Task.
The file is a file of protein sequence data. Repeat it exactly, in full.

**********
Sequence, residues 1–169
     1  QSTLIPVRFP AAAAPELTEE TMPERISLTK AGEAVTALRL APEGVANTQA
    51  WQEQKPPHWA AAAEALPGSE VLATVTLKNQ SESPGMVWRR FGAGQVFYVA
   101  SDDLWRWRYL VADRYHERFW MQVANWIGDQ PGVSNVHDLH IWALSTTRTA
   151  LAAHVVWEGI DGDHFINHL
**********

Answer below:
Sequence, residues 1–169
     1  QSTLIPVRFP AAAAPELTEE TMPERISLTK AGEAVTALRL APEGVANTQA
    51  WQEQKPPHWA AAAEALPGSE VLATVTLKNQ SESPGMVWRR FGAGQVFYVA
   101  SDDLWRWRYL VADRYHERFW MQVANWIGDQ PGVSNVHDLH IWALSTTRTA
   151  LAAHVVWEGI DGDHFINHL